The Holy Spirit (Who I often think of as Jesus Unlimited On The Earth) knows where we are going, and all I have to do is follow. I have to fight and cast down my fear of the waves, and also of what might be under the waves and over the waves. I need to build up my faith in Him.

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Under The Waves

 

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Over The Waves

 

 

 

 

 

 

But the truth is, it would’ve been even scarier without God. The situation was a challenge and without God there might not have been a satisfactory or triumphant ending.  Trials and tribulations come and believers have to make choices. Will we trust in God and follow Him not knowing how and where He will lead us out of the situation? Or are we such control freaks we must be in charge, we must know the battle plan?

How many times do we have to lose a battle, or have a much less than victorious outcome to admit we are not the Commander-in-Chief that God is? The scary part is letting go of the wheel and letting God take over. This doesn’t mean we do nothing. We get still and listen. We pray through. We do what we feel prompted to do by the still small voice. We MUST learn to trust that inner witness.

When we do step out in faith and let God run the show, the outcome may not be what we desire, but it will come with peace. And we just might be amazed how many times the outcome is so much more and superior to we could have imagined. Many, many believers will attest to this.

 

Awesome Time at the Kenneth Copeland NYC September 11th and 12th Victory Encounter

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I’ve just spent two days in a packed room with a few thousand believers at The Living Victory Faith Encounter in the Times Square Marriott Marquis Hotel. What a wonderful time I had.

On Friday night, September 11th, I was ushered up to the check-in counter with others who were pre-registered. The session opened with Lindsey Rae (daughter of Kellie Copeland Swisher and granddaughter of Kenneth and Gloria Copeland) leading the pre-service prayer. Lindsey is young, energetic, sweet, and has a heart for prayer. At the Saturday morning prayer, Lindsey chose from the crowd a person from law enforcement, a teacher, a member of the military, a pastor, a youth leader, and several others to lead us all in prayer, each of these praying for the group they represented. This became such a powerful time of prayer.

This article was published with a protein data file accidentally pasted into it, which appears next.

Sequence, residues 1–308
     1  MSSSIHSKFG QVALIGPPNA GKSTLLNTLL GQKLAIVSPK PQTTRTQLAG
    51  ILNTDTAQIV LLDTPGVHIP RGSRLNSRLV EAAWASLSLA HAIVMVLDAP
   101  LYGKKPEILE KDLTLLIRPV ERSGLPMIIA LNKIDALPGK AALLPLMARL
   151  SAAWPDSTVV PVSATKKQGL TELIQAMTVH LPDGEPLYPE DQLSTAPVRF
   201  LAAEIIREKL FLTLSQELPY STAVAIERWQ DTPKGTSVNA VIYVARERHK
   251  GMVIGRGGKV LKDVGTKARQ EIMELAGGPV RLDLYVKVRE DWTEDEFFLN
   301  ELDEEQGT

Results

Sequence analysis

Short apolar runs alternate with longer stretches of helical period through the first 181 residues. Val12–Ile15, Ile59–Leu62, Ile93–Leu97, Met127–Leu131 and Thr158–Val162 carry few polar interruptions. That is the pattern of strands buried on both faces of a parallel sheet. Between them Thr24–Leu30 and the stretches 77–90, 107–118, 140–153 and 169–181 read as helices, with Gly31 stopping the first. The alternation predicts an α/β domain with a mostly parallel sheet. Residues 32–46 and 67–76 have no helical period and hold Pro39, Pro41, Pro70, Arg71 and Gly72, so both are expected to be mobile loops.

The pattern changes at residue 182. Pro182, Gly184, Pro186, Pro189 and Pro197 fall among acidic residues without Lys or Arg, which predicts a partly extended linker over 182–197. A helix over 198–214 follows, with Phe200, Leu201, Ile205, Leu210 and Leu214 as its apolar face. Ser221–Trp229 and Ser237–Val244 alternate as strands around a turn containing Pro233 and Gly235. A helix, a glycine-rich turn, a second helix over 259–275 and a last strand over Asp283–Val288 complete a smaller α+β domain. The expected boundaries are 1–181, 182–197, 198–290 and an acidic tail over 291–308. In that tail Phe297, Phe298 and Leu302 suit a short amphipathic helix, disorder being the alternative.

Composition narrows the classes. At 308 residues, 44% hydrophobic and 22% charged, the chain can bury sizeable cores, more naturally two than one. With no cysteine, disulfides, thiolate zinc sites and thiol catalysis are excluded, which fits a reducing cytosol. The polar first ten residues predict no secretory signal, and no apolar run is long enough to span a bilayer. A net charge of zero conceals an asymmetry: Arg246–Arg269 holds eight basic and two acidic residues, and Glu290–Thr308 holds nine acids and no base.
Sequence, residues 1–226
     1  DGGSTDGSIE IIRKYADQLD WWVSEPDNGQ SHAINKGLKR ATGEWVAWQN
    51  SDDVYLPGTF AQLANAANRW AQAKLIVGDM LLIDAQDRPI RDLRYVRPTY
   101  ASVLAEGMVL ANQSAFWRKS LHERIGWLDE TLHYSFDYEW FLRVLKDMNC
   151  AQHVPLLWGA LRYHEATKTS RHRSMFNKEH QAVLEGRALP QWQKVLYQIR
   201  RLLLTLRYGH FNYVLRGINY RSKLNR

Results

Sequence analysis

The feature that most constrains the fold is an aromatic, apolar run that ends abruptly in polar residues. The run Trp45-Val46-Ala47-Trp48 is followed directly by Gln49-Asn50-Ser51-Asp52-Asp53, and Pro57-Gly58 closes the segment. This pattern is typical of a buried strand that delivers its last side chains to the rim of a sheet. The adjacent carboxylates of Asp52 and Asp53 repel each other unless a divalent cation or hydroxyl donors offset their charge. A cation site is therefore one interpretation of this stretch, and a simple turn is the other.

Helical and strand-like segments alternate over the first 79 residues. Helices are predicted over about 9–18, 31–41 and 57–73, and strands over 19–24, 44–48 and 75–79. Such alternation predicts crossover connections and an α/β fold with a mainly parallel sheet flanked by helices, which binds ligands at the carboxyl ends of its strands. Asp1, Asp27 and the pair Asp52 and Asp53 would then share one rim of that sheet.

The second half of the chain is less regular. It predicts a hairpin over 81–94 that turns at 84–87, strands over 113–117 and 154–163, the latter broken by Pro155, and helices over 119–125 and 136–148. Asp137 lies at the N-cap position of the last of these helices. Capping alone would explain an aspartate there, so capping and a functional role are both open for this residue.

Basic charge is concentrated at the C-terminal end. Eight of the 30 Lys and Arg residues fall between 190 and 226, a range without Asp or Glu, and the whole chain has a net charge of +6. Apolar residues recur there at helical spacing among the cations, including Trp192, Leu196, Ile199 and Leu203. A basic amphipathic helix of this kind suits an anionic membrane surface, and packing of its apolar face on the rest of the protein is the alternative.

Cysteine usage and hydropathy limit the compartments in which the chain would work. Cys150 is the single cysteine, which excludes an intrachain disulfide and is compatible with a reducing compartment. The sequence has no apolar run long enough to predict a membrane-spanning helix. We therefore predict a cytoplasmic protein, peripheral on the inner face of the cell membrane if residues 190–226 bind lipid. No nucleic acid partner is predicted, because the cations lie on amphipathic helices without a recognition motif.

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The worship music was awesome and energizing. The lyrics of the worship songs were totally aligned with Scripture. I was delighted to get to hear Kellie sing.IMG_1801

 

 

The theme of the two sessions was: Living A Life of Great Faith. At the Friday evening session Brother Kenneth declared, “The body of Christ has no business with fear.”

Saturday morning opened with coffee, followed by prayer, then Brother Copeland spoke. He pointed out, “Grace is the overwhelming desire of God to treat believers as if sin had never happened.”IMG_1802

 

 

 

 

To Soar on Eagle’s Wings by Renee Blare ~ an interview

To Soar on Eagle's WingssI’m so happy to have Renee Blare visit the blog today for an interview and to talk about TO SOAR ON EAGLE’S WINGS. I’m happy when an author uses a new approach or has a fresh perspective. So, I was intrigued to learn the hero of this mystery was a game warden.

The novel in a nut shell…

Spring’s in the air. While the sun shines in Timber Springs, snow falls on the Snowy Range, and trouble’s brewing in the meadows. The area’s new game warden, Steve Mitchell launches his first wildlife investigation of the season but the trouble follows him—straight to town.

Rachel Fitzgerald’s on Spring Break. Or at least she’s trying. Between paperwork, and harassing phone calls, she may as well have stayed in her classroom. So much for relaxation. A ‘chance’ meeting with her brother’s old roommate offers her weary soul a shred of hope, but she discovers love, like life, isn’t easy.

He talks with the wisdom of the Lord but rejects the future. She wants to soar with the eagles but walks alone. And trusting God proves to be more of a challenge than ever before…

 

Interview…

Nike:  To Soar on Eagle’s Wings centers on a game warden investigation. Tell us about that. Is this a mystery novel?

Renee:  Steve Mitchell has recently moved to Timber Springs. He’s the area’s new game warden. During one of his routine sweeps in the mountains, he stumbles upon a lonely baby moose. But he finds more than he bargains for when he discovers the calf’s mama miles away, trapped in a muddy bog. Clues to her entrapment crisscross the snowy meadows, and he heads toward Timber Springs only to find the trouble has followed him home.
Like Beast of Stratton (my first book), To Soar on Eagle’s Wings is a romantic suspense with a blend of mystery. I write sweet romance, but the suspense keeps you turning the pages. Sprinkled within the book, the reader discovers—they may even be taken by surprise—an element of cryptic mystery and intrigue. I think there should always be a bit of revelation in a good tale.

Nike:  I love your blogs tag line, “Rugged Christian Fiction.” How did you come up with that and what does it mean to you?

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A range called “Needles.”

Renee:  It comes from several sources actually—my writing, my home, my life. I’ll address them in order, I guess.

How is my writing rugged? I wouldn’t necessarily call my “writing” rugged, but the people, settings, or lives within them are. They or the topics aren’t polished or pretty. They’re real. I don’t use profanity, erotic, or crude connotations to show the rougher side of life, but I get the point across. You see it.